So, in the shorter term, the path of least resistance for SPX price action seems to be to the upside, especially given the determination of central bankers to not upset the apple cart, so to speak, prior to the November U.S. presidential election. It seems to me a given, however, that the longer this process continues, the more extreme valuations become, the more irresponsible the central bankers and their actions and policies prove themselves to be, the more painful the ultimate reversion to the mean will be. The only unknowns seem to be when it will happen, how long it will all take to play out, and what will trigger the eventual pullback to fair value.

There is no denying that, in some respects, this time is different (TTID) – never before in the history of domestic equity markets have the central banks been as interventionist and heavy handed as they now are. What is the true current fair value for SPX in an essentially zero rate interest environment? I don’t think we can know for sure since there is no precedent for the current investing environment. We’ve never been here before, so we don’t know how it all eventually plays out. Don’t forget the central bankers use of the word “experiment” when discussing their monetary policies and actions over the past several years – yes, they are “experimenting” with your savings, your pension, and your future, and the results of “experiments” are not always known in advance. However, not much imagination need be employed to foresee that maybe it all doesn’t turn out so well in the end. For now, though, party on!

General Market Observation: Earnings season is just about complete so where to from here? Each of the three Tracking Indexes showed some stalling last week, but no indication that they were ready to turn over. One of the Fed Presidents made some noise about raising rate at the next meeting and the Russell hiccupped a bit. It seems unlikely that the Fed raises rates until after the November election. While there will be some uncertainty moving towards the Fed meeting and report on September 21st, so the Indexes may just mark time awaiting the outcome of that meeting. The Fed will be holding their symposium in Jackson Hole this week and Janet speaks during market hours on Friday. Will she spook the markets? We don’t know!

I want to highlight the weekly chart of the SPX this weekend. First last week was another small body Doji candle. Not a reversal signal but one showing that there was indecision last week. Next the TSI & Momentum indicators are showing mixed signals. The TSI is overbought but now showing it is ready to reverse. The Momentum oscillator is showing negative divergence on a weekly basis. Current prices are extended away from the moving averages so a pullback or sideways move while the moving averages catch up may be in order. Even though a new high was made last week, with negative divergence showing up we can contemplate a downside trade to either the 8 week EMA or even the breakout level of 2134. One trigger I’ll look at is a move above last week’s candle body and then a reversal back below the 2183.87 level. If you are trading the SPY see which prices would be for a downside SPY trade. I would not expect much but a move back to 8 week EMA or 2135 trading the inverse Index ETF would provide a 4% – 10% move.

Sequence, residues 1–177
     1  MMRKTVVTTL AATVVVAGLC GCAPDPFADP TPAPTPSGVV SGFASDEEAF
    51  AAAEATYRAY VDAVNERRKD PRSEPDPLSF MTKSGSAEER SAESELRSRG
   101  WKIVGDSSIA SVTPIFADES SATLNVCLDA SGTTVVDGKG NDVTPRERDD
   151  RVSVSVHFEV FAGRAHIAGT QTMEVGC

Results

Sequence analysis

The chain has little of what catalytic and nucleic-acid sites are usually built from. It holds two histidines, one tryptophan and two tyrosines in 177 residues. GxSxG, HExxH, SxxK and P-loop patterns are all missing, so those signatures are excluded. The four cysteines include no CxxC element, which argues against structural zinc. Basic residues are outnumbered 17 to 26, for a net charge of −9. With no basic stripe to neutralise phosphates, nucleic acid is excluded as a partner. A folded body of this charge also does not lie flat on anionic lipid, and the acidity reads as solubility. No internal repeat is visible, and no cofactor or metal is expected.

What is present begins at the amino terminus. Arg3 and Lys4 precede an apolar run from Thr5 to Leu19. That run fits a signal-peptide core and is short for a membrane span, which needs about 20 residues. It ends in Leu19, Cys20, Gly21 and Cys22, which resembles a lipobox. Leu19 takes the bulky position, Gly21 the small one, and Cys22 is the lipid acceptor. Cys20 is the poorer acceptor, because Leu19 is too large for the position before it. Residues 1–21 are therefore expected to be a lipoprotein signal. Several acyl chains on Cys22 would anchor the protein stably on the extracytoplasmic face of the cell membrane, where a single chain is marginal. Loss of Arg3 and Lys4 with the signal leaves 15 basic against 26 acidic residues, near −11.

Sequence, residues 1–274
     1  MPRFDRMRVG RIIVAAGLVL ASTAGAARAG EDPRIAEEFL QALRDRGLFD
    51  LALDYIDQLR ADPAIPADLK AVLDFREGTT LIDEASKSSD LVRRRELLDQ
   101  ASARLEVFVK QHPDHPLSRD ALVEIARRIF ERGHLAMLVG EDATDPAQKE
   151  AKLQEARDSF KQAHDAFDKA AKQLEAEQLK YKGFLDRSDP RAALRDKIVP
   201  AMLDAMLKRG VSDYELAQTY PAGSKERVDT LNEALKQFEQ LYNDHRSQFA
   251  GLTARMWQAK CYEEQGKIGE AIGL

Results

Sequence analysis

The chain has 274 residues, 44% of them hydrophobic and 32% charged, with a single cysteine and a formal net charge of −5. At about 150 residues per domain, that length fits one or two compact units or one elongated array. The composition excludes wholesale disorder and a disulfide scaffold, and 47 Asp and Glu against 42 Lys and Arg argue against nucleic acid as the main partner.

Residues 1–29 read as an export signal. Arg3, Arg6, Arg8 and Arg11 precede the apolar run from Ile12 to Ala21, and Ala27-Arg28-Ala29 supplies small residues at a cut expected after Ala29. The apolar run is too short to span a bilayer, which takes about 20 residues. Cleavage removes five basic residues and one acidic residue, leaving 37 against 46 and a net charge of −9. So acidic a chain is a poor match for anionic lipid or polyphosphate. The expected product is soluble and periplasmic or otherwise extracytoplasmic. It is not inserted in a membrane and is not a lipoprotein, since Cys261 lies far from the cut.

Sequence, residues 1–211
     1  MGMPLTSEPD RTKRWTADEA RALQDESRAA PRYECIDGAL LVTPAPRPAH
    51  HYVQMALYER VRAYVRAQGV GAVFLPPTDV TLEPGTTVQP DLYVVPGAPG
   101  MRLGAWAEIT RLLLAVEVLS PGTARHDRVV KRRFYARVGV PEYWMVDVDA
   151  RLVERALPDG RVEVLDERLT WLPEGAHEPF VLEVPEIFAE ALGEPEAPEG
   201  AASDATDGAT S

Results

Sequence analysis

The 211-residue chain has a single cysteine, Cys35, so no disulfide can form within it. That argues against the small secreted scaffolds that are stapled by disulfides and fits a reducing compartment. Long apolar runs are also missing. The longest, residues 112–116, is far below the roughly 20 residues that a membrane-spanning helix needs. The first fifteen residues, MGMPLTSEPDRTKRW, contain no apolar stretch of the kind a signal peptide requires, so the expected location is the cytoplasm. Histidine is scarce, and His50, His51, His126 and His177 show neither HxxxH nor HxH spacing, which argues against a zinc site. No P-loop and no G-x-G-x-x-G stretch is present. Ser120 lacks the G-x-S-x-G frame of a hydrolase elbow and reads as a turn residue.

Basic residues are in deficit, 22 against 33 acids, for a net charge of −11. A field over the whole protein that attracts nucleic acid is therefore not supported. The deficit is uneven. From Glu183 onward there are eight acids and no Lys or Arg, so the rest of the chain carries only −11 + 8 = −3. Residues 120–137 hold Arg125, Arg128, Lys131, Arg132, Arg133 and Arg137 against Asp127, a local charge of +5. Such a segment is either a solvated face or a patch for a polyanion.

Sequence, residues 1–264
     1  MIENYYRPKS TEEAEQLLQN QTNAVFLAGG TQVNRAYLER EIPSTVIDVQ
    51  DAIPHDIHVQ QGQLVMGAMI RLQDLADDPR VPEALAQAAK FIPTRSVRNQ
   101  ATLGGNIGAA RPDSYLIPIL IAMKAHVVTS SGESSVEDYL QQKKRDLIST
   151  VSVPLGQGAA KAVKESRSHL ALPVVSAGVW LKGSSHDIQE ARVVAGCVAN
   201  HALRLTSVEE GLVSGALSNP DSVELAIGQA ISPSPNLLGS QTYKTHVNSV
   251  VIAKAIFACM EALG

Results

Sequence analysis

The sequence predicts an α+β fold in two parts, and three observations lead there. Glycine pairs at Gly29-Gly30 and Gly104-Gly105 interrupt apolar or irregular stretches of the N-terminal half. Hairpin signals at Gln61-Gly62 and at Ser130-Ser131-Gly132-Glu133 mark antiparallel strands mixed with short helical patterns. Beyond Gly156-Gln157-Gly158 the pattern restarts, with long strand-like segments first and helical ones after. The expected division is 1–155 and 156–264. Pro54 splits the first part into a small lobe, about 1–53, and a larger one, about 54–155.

The NDX and RUT made new highs in this uptrend on Monday and then flailed around the remainder of the week. Keep an eye on the inverse ETFs for both the RUT and NDX for a potential pop of between 4% – 10%. All the inverse Index ETFs are showing positive divergence which may pan out soon if price action on the Indexes weakens through the remainder of August into the historical weak month of September.

SPX 8-19 Wk

SPX: Downside Market Short the SPY, SPY Puts or SPXU.
Preferred Long ETF’s: SPY, UPRO and SPXL

NDX: Downside Market Short the QQQ, QQQ Puts or SQQQ.
Preferred Long ETF’s: QQQ and TQQQ

RUT: Downside Market Short the IWM, IWM Puts or TZA.
Preferred Long ETF’s: IWM and TNA

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Index Returns YTD 2016

Index 8-19


ATTS Returns for 2016 through Aug 19, 2016


Percent invested initial $100K account: Strategies I & II invested at 8.6%; Strategy III invested at 25.98%.

ATTS YTD 8-12a

Current Strategy Performance YTD (Closed Trades)
Strategy I: Down -1414.25 or -2.0%
Strategy II: Up $3187.00 or +3.18%
Strategy III: Up $20331 or +74.15%
Cumulative YTD: 22.1%

Active Trend Trading’s Yearly Objectives:

– Yearly Return of 40%
– 60% Winning Trades
Early Warning Alert Target Yearly Return = 15% or better

For a complete view of specific trades closed visit the website at:

Updated first full week of each month. The next update August.

Outs & Ins: No new debuts on this weekend’s IBD 50. Stocks of interest include GRUB, COR, PLNT, BMLY, CNC, WOR & EDU. Remaining potential Pre-Earnings stocks include FIVE, AVGO and PLAY.

In-Out 8-19